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Every now and then I have an idea that I stir over and over without it coming together as a spectacular tasting word cake.  For two years, I worked out my thoughts for my recent post on Yule/Christmas.  Start.  Stop.  Erase.  Over and over.  Then it appeared and I chiseled it into something worth publishing.

As a parent, I have a wealth of ideas, but not everything turns into a full-length piece.  To close out 2013, so I can invite new ideas and get these thoughts out of my head, I present three topics related to parenting: how we speak to parents, schooling, and vaccines.

1) How To Talk To Parents: How many of us were told that if we have nothing nice to say, then we shouldn’t say it at all?  That sentiment flies out the window when many people see parents of a young child.  My mom was in her mid-20s when she had my brother.  Much of her family lived in a neighborhood that made for a good day of walking with a slew of visits thrown in.  My brother was in a carriage with a pacifier.  As she walked by one of the middle-aged ladies in the neighborhood, she was passive-aggressively attacked for allowing the pacifier.  The woman spoke loudly into the air, but not directly at my mom, about parents taking the easy way out and how it was done differently in her day.  My mom did not have the confidence to speak up, but she would today.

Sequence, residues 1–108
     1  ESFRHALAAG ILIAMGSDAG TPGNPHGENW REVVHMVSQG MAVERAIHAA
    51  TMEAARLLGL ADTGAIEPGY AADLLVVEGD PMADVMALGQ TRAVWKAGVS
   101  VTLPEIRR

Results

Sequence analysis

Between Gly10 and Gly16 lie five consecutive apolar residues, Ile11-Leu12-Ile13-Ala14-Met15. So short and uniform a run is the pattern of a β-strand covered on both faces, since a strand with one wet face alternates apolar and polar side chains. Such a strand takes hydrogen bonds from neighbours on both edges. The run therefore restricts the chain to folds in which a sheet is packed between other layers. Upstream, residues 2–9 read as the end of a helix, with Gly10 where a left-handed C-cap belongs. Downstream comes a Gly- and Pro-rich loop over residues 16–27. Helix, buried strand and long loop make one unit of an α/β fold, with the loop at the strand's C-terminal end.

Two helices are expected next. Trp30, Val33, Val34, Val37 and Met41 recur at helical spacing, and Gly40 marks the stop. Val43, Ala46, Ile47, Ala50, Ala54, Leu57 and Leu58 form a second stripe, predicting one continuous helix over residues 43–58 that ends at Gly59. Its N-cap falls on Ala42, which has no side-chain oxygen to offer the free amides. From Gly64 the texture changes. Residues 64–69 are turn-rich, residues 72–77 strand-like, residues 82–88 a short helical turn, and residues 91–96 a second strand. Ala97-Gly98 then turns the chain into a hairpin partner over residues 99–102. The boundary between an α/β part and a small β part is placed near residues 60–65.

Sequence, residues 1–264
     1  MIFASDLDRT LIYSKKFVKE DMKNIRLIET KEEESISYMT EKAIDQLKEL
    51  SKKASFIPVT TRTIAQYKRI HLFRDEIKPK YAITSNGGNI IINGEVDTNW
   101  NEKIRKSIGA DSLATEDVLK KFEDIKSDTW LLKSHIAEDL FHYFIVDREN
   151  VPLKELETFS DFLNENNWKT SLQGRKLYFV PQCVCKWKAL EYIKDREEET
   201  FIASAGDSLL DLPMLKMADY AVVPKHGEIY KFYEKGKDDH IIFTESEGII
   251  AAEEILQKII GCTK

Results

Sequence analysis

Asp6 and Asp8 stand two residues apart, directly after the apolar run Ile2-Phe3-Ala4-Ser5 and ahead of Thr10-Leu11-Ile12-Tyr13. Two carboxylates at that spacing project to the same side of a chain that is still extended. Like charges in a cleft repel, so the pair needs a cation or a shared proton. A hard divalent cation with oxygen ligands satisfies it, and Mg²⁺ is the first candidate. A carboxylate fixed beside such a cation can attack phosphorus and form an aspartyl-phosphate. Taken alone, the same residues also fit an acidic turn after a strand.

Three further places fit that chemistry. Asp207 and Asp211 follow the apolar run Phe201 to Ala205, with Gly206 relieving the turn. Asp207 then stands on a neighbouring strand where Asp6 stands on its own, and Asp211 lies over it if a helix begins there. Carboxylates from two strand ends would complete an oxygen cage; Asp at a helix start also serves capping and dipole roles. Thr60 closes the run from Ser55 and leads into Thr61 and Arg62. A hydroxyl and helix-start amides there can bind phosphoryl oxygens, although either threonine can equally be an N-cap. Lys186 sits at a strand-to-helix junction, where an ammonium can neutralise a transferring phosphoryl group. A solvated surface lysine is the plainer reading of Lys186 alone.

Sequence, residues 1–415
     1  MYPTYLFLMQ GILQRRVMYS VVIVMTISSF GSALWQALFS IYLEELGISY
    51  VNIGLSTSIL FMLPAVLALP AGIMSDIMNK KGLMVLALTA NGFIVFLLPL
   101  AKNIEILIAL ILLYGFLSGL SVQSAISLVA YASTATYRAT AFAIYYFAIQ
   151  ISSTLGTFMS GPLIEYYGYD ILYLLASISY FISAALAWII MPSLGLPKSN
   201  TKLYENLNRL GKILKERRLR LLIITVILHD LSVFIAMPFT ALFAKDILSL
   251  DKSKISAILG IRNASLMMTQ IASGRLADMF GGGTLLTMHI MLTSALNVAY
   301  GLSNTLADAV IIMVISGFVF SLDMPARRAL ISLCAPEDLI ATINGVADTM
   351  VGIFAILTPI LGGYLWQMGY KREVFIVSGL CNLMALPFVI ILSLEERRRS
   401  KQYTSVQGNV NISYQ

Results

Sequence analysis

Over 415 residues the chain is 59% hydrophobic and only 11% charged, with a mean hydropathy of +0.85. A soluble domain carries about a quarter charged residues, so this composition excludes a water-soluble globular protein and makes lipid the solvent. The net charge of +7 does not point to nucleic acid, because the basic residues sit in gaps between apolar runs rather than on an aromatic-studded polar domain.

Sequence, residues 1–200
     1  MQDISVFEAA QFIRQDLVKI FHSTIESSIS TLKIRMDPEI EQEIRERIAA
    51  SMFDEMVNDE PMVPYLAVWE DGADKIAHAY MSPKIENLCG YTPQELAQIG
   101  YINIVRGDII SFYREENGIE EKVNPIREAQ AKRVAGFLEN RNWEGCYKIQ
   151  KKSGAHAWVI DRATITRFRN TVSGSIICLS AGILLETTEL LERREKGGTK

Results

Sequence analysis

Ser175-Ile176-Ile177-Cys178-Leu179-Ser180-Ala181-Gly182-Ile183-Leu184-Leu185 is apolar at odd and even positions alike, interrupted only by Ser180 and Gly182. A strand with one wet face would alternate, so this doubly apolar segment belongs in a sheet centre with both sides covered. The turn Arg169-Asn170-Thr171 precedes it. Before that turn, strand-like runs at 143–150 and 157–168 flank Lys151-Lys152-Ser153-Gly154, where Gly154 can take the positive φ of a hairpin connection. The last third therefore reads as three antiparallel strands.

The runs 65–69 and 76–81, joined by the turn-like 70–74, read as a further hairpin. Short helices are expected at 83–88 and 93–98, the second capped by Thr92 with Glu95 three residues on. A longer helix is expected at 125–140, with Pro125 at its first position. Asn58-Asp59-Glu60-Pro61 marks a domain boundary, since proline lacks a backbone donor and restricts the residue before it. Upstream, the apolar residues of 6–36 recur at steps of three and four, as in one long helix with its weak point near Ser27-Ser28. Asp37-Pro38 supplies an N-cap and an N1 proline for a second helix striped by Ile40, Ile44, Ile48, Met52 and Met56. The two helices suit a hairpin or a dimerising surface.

Mom told me this story when I was telling her about how Sara and I have grown weary of unsolicited comments from a wide variety of people, including friends.  We refuse to refer to the third year of life as “The Terrible Twos.”  Often when someone sees our daughter, they’ll coo at her and tell us how cute and sweet she is.  ”How old is she?” we’re asked.  ”Just over two.”  Our correspondent’s face often changes to a grave expression, as though we’d told them that their car had been keyed.  ”Oh my, ‘the terrible twos.’” We don’t think of them that way, so we might say, “We don’t think of them that way.”  Perhaps surprised by this, they offer this bit of help, “Well, three’s a lot worse.  Good luck.”

Thanks, Rude Person.  How lovely to converse with you.  We can’t bat down every rude person we meet, so the comments build up and annoy us.  I choose to speak up, which often leads people to dig in their heels.  I will never understand these unhelpful, unnecessary interactions.  We didn’t enter parenthood blindly.  We have a good feel for how a young child is going to act as she carves out her place in this world.

When I read online discussions about parents being treated rudely, there is often blowback against the parent who deigns to complain in comments sections.  I will never understand a reaction that favors rudeness.  So, here is my request for people out there who feel compelled to make remarks, often negative, to people with young kids: When you speak, keep it positive.  Say nice things.  Or say nothing at all.  The way you would in any other situation.

2) Education: Our daughter will be “school age” in a few years, but we have not decided how we plan to go about educating her.  It could range from a private option, to public, to homeschooling, or unschooling.  With a significant emphasis on stressful testing regimes, I am disinclined to throw my curious daughter into the shark tank.  I will be researching the schools in the area, but my desire is to allow her to learn the way she learns now, with a combination of self-directed curiosity and intentional presentation of opportunities by us.